CHICAGO – The issue of gender identity, especially for those who are born with a vagueness as to what to call themselves between/beyond boy and girl, has come front and center in the U.S., both with the legalization of gay marriage and the callous repudiation of identity by trying to pass laws dismissing it (the North Carolina “bathroom” laws). The performance companies of The Living Canvas and Nothing Without a Company is currently staging “[Trans]formation,” which presents gender identity art by six performers, who perform most of the play in the nude.
TV Review: CBS’s ‘Unforgettable’ Doesn’t Live Up to Title
CHICAGO – Despite the best efforts of TV veterans Poppy Montgomery (“Without a Trace”) and Dylan Walsh (“Nip/Tuck”), “Unforgettable” is another dull CBS procedural, a show with some decent characters and a relatively-intriguing premise that is undone by weak writing and a silly presentation. CBS is such a juggernaut that anything can become a hit but it’s hard to believe this one will love up to its title for most viewers.
TV Rating: 2.0/5.0
Remember that “60 Minutes” about the people with extreme memory? The one with Marilu Henner? It’s almost as if someone saw that excellent piece about folks who can tell you if it was raining on any particular Tuesday in the last fifty years and realized there could be a procedural buried in there. Imagine the potential crime-solving of a woman with perfect memory. Such is the high concept of “Unforgettable,” a show with echoes of “Medium,” “C.S.I.,” and even “Psych” or “The Mentalist” with their focused heroes. When a pilot reminds you of other programs more than creates an identity of its own, that’s a problem.
Photo credit: CBS
The best thing about “Unforgettable” is its charming star, the talented and beautiful Poppy Montgomery, who fans will recognize from “Without a Trace.” Montgomery plays Carrie Wells, a woman with a rare condition that allows her perfect memory. Imagine a detective who not only doesn’t need a notebook but can remember everything the witness said and immediately pick out when it doesn’t fit with another memory of the details of the scene.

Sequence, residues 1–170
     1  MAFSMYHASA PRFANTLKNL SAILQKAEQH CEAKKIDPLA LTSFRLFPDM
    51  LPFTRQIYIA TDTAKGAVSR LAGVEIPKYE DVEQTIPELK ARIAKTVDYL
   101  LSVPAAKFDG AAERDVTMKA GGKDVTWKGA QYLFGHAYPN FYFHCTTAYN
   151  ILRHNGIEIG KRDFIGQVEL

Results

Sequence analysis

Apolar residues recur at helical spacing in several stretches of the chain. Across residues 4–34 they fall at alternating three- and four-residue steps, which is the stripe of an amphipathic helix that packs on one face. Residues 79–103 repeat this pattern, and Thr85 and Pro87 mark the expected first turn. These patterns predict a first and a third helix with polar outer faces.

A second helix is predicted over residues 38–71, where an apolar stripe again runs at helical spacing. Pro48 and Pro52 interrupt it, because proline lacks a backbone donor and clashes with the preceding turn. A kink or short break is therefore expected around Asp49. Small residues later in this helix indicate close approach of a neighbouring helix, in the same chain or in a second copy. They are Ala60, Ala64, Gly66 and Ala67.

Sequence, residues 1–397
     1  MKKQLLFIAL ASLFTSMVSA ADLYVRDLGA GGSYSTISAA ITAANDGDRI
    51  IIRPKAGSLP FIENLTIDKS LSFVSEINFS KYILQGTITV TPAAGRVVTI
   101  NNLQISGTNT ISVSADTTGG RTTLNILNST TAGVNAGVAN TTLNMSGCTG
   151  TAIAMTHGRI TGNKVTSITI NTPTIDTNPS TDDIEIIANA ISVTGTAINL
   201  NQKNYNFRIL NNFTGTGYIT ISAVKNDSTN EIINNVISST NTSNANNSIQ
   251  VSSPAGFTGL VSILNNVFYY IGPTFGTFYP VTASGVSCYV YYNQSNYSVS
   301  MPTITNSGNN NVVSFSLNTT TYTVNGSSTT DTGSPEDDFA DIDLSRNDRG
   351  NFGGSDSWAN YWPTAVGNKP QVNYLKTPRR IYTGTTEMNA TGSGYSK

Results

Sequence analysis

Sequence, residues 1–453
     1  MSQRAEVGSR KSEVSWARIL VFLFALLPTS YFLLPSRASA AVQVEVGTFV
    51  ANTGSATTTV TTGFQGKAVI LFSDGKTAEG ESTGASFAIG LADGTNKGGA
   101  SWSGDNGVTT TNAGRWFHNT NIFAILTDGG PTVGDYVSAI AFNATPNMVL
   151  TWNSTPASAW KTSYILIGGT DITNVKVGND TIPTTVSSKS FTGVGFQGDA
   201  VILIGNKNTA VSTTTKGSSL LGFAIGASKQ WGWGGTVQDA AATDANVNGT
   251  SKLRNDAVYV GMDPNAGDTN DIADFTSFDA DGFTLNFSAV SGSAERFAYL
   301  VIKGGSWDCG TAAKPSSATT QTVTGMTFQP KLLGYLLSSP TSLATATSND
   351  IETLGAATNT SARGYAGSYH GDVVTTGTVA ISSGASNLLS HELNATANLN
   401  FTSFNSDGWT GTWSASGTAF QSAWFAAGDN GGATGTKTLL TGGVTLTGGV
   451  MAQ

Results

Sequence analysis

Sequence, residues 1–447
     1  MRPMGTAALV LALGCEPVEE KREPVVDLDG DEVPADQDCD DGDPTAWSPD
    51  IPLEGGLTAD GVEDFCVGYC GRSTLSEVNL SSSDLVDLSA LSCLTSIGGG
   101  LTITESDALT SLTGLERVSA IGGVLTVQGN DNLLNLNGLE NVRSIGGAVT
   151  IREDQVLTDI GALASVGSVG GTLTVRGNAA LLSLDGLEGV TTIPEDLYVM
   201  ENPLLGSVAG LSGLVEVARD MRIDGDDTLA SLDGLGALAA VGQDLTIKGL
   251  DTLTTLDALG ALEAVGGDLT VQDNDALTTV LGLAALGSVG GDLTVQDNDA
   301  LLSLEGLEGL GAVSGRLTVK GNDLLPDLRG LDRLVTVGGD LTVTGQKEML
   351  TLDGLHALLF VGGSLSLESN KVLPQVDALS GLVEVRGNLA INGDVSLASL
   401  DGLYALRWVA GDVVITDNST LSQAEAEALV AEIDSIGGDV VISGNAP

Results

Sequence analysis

Photo credit: CBS
Careful readers may be able to pick out an instant problem — watching someone remember isn’t exactly thrilling. To try and combat this dilemma, the producers of “Unforgettable” actually have several scenes in which Carrie stares off into the distance as if in a trance and her memory sort of plays out around her. They’re awkward, horribly produced, embarrassing moments that look more silly than dramatic. If “Unforgettable” is going to survive, they need to be dumped. Just have Carrie know the details and have all the answers. We don’t need to visualize her pulling them from her remarkable memory bank.
Of course, every heroine needs a fatal flaw and Carrie’s is that the only day that she can’t remember is the one on which her sister was murdered. The failure to remember those details have left Carrie shattered and even pushed her off the force. In the first episode, she’s reunited with her former partner and ex-boyfriend NYPD Detective Al Burns (Dylan Walsh) when she helps out with a case. It’s not spoiler to say that she’s back crime-solving for good by the end of the premiere. Such is the set-up/concept for the show.
Much like “The Mentalist” weaves a mystery-of-the-week structure around a larger arc, Carrie’s personal issues about the death of her sister will probably pop up occasionally but “Unforgettable” will be mostly another procedural-with-a-twist. As talented and charismatic as Montgomery can be, even she falls victim to the generic, dull nature of the program, one that doesn’t qualify as one of the worst new shows of the season by virtue of being too easy to forget.